Highlight of his career may well have been taking part in the last Royal Albert Hall wrestling show, against Alan Kilby, on 30th October, 1985, 81 years after George Hackenschmidt had defeated the American champion Tom Jenkins in that great venues first wrestling tournament. The very next day Diamond was in Barnsley, Yorkshire. Okay, the surroundings may not have been quite so grand, but he was there for the recording of a televised match that was to be broadcast on December 14th, again with Kilby in the opposite corner. Trained by Dave Finlay Snr Diamond was one of a band of successfull Northern Ireland wrestlers that included Judo Eddie Hamill, Fit Finlay, Johnny Howard, and Billy Joe Beck.
Diamond and Billy Joe are still good friends, and, at the time of publishing this article in September 2013, work near each other in Dunmarry, Northern Ireland.
In fact these photos of Diamond all spruced up are of a fund raising event for R.A.M.S. That's the Race Against Multiple Sclerosis, which was founded in 1985 by a group of Multiple Sclerosis sufferers and their carers. Their manager today is one Mr William Beck, or as Wrestling Heritage readers know him, Billy Joe Beck.
Concerned at the lack of help available to those with multiple sclerosis the RAMS Therapy Centre was established in Dunmurry to provide hyperbaric oxygen therapy and offer support to sufferers and their carers and friends. Apart from therapy treatment it provides a friendly drop-in centre allowing sufferers and their carers, families and friends meet and support each other. On July 18th, 2013, The Ulster Star reported that 500 patients currently use the invaluable local facility.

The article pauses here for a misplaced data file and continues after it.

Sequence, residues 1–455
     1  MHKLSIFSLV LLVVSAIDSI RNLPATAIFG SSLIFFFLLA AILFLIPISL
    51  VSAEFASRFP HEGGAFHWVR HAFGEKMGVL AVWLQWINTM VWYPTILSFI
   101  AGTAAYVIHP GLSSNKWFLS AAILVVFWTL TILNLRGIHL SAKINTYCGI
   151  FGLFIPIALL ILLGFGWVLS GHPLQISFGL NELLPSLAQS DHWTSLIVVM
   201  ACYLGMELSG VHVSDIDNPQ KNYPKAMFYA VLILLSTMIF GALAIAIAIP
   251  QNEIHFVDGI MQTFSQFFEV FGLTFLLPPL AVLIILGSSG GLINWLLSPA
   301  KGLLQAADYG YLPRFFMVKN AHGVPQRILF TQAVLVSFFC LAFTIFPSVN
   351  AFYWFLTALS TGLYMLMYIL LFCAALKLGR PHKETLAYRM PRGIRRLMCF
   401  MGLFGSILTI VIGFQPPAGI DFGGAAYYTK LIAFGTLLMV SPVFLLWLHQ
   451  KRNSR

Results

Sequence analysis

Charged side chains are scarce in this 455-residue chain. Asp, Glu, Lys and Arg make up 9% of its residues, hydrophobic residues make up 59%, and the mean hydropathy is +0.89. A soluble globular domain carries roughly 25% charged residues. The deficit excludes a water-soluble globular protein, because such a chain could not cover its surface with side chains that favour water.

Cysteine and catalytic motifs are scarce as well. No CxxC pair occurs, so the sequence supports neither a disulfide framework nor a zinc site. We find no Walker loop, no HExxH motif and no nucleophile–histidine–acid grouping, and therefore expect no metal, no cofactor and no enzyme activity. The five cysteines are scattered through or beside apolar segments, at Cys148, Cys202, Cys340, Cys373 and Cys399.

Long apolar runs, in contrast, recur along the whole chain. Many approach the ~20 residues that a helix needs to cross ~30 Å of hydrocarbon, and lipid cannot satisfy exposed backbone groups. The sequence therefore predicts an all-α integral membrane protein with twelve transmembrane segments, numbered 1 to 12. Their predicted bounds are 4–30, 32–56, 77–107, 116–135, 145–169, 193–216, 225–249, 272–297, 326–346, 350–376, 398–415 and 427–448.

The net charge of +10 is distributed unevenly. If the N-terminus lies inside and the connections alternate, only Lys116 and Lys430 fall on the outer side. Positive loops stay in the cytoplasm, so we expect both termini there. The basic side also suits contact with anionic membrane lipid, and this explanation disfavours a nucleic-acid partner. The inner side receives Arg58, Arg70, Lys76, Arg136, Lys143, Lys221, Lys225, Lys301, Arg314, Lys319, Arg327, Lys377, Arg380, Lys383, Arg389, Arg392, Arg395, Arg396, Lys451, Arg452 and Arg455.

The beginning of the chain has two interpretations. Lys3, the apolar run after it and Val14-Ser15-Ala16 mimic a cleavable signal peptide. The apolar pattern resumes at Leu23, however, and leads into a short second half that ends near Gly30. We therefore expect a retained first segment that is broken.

RAMS is a registered charity maintained through donations from the public and through the organisation of volunteer and professional staff
Official website: Race Against Multiple Sclerosis
Long dark curly haired haired, muscular heavyweight invader from Panama Enrique Shubasco came to Britain in 1970 following professional wrestling adventures throughout South America and the United States. Having been born in British Honduras Enrique held a British passport, allowing him to stay for five months without the working restrictions that applied to most visitors. He looked the part but his success was less impressive, including a loss against Lee Sharron at the Royal Albert Hall. His professional career followed successful amateur experience in which he was a member of his country’s amateur wrestling team. Having married and set up home in Germany we were surprised not to have seen more of him during the 1970s.
UK based Trinadian Phil Siki was one of the pre war all in greats who continued to wrestle post war and took part in the World Heavyweight Championship tournament at Harringay on February 18th, 1947. Not just that.. he did also wrestle post war greats Ernest Baldwin, Francis St Clair Gregory, Mitchell Gill, Dave Armstrong, Bill Garnon, Alf Robison, Jack Pye Bert Assirati.. Obviously a top class wrestler who lived up to his title of Heavyweight Champion of the West Indies.